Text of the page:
ASU LogoA baby’s sleep position seems to be the best predictor of a deformed skull condition called as deformational plagiocephaly. Atleast this is what scientists at Arizona State University claim.

This condition is also known as the development of flat spots on an infant’s head. The condition is thought to arise when babies seem to spend too much time in one position. For the purpose of the study, the authors were believed to have examined the largest database up till now with more than 20,000 children.

“We looked at a number of risk factors, but the largest factor was the sleep position of the baby,” says Brian Verrelli, an assistant professor in ASU’s School of Life Sciences and scientist in the Center for Evolutionary Functional Genomics at the Biodesign Institute.

They found that the number of babies who have developed flat-headedness appear to have severely increased since 1992. The increase apparently coincides with the American Academy of Pediatrics launch of a ‘Back to Sleep’ educational campaign. This campaign is known to have recommended parents to place their infants on their backs to decrease the risk of Sudden Infant Death Syndrome.

They also found that sleep position and particularly head position could possibly be associated to flat-headedness. Moreover, babies who slept on their right-side or left-side tended to have right-side and left-side flat spots, respectively.

Lead author of the study, Jessica Joganic, who was an ASU undergraduate student at the time of the study, said that, “The unprecedented size of the sample in our study allowed us to identify potential factors, such as maternal prenatal conditions and low birth weight that were previously unrecognized in smaller cohort studies. These other factors need to be explored further before we can begin to piece together the entire puzzle.”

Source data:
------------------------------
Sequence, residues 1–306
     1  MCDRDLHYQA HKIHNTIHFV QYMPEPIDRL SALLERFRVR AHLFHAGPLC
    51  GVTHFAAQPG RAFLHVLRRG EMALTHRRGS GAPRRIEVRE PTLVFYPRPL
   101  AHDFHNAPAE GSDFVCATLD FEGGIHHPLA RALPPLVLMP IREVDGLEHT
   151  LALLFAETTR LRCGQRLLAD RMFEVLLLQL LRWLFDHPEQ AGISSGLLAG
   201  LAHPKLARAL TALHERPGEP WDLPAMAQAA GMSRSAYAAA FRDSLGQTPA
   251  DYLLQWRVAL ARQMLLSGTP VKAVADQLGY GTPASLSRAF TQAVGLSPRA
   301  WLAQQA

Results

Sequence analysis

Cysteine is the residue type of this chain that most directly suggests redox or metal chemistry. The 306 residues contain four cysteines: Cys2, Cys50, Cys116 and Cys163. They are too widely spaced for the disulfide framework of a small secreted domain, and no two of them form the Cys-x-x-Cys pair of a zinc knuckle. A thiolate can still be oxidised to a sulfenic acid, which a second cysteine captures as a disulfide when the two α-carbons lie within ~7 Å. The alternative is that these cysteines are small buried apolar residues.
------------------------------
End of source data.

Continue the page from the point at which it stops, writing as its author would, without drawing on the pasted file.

The study findings revealed that boys appear to be twice as likely as girls to have the condition i.e. nearly in a perfect 2-to-1 ratio. In addition, it may perhaps be more common in first born infants, babies with low birth weight, in breech and transverse positions in the womb, and in multiple births, specifically fraternal twins.

This study was known to have been intended to statistically assess the independent and interacting effects of biological and environmental risk factors that lead to deformational plagiocephaly. Also, this study seems to have to have been considered in an attempt to provide potential guidance for clinical treatment.

However, independent of the biological and environmental factors, the findings showed that sleep position could possibly be the best predictor of deformational plagiocephaly. Moreover, it could be addressed by altering behavior.

The findings of the study ‘Risk Factors Associated With Deformational Plagiocephaly’ have been published in the journal, Pediatrics.